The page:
20 Republicans Just Voted Against The Budget For Tax Reform. Here’s Why That Matters

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The Republican tax reform bill squeaked through a key vote Thursday, as 20 GOP lawmakers objected to the elimination of a popular deduction and other parts of the still nascent plan.

The 216-212 vote to approve a budget framework set the stage for the Senate to pass a tax bill with only 51 votes, a threshold it can meet with only Republican votes.

But the narrowness of the vote shows that GOP leaders still have a tough fight ahead as they turn the White House’s nine-page proposal into actual legislation and fill in more details.

Eleven of the Republicans who voted against the budget were from states like New Jersey and New York, where residents will get hit harder by a part of the tax reform bill that would end a popular deduction for state and local taxes.

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“Don’t make us give our money to other parts of the country and then tax us like it’s still in our pockets,” Rep. Tom MacArthur, a New Jersey Republican, told reporters shortly after voting against the budget. “That’s what the effect of eliminating the state and local tax deductibility would be.”

He stressed that the controversial measures within the tax plan were still up for debate. “I voted no because we don’t have a deal yet — we’re seven to eight innings into this and we don’t have a deal,” he said. “Twenty people voted no and dozens of others voted yes holding their noses. Leadership knows if we don’t get this resolved, we can’t move forward on tax reform. This isn’t over.”

At present, all that exists of a tax reform plan is a nine-page outline that traffics mostly in broad strokes: a slashing of the corporate tax rate from 35% to 20%, limiting the tax rate on small businesses — which are currently taxed as individuals — to around 25%, and a reduction of the number of federal tax brackets from seven to three, with the wealthiest bracket enjoying a tax cut from 39.6% to 35%.

The plan has been branded by Republicans as a tax cut for the middle class, but tax cuts mean less federal income — in other words, a steeper deficit. This has left a number of conservatives uneasy. And many of the proposed offset measures — especially eliminating the state and local income deduction and taxing contributions to 401(k) plans — have their own critics within the party.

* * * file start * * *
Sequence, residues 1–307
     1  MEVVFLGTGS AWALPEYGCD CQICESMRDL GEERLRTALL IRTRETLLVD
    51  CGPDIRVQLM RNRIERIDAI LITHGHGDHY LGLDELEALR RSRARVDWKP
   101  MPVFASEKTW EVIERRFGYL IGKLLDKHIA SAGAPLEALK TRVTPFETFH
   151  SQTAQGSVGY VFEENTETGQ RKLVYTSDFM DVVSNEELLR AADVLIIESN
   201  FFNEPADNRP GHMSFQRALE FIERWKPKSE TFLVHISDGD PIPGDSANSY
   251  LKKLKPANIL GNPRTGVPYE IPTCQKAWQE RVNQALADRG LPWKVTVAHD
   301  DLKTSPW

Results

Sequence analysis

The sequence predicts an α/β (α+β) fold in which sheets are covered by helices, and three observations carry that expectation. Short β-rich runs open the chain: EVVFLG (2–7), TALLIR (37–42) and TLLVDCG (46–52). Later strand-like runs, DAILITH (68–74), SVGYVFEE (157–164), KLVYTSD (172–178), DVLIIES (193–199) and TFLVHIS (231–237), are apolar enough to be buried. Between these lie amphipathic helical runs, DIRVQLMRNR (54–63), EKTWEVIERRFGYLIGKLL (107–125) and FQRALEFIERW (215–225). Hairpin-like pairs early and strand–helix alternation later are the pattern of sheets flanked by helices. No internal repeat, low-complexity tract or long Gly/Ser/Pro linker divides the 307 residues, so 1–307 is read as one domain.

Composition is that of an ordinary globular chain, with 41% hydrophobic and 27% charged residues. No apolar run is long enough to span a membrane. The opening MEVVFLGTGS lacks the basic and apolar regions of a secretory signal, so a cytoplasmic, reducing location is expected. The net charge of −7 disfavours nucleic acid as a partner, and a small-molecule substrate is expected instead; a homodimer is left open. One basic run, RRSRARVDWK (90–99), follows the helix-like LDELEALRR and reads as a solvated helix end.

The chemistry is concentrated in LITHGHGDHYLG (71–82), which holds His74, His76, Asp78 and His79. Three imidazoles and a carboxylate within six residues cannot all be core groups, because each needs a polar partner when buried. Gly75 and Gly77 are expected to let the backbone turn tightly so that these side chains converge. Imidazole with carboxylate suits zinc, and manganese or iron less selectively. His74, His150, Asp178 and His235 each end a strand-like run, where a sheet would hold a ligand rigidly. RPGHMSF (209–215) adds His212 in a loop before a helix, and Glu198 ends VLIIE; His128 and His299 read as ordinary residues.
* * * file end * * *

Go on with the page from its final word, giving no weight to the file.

“There’s gonna be a million of those things that come up once [the] Ways and Means [Committee] prints it,” Rep. Dave Brat, a conservative Virginia Republican, told reporters on Thursday. “There’s gonna be differences, but if you’re gonna deliver the middle class a tax cut, you’re going to have some heavy lifting on the pay-fors.”

Speaker Paul Ryan said at a press conference on Tuesday that the House will introduce the bill next week and ideally send it to the Senate before Thanksgiving. It is a bold ask — one that speaks to how hungry congressional Republicans are for a legislative victory after two failed Obamacare repeals and gridlock on other issues. The House is in session for just 12 more legislative days before it goes on Thanksgiving recess on Nov. 16. But Republicans on Thursday were confident that finding a solution on tax reform and pushing it through would be relatively painless.

“It is ambitious but achievable,” House Ways and Means Chairman Kevin Brady told TIME before entering the House chamber for the vote on the budget.

“There’s not some built in antagonism,” Brat said of the intraparty conflict over tax reform. “It’s policy-specific. Obamacare was a huge federal program. This is a pro-growth, middle-class tax cut.”

And if tax reform doesn’t happen before the end of the year? “It better happen,” Brat said. “If you give the swamp a Christmas break, it’s not going to be a merry Christmas.”



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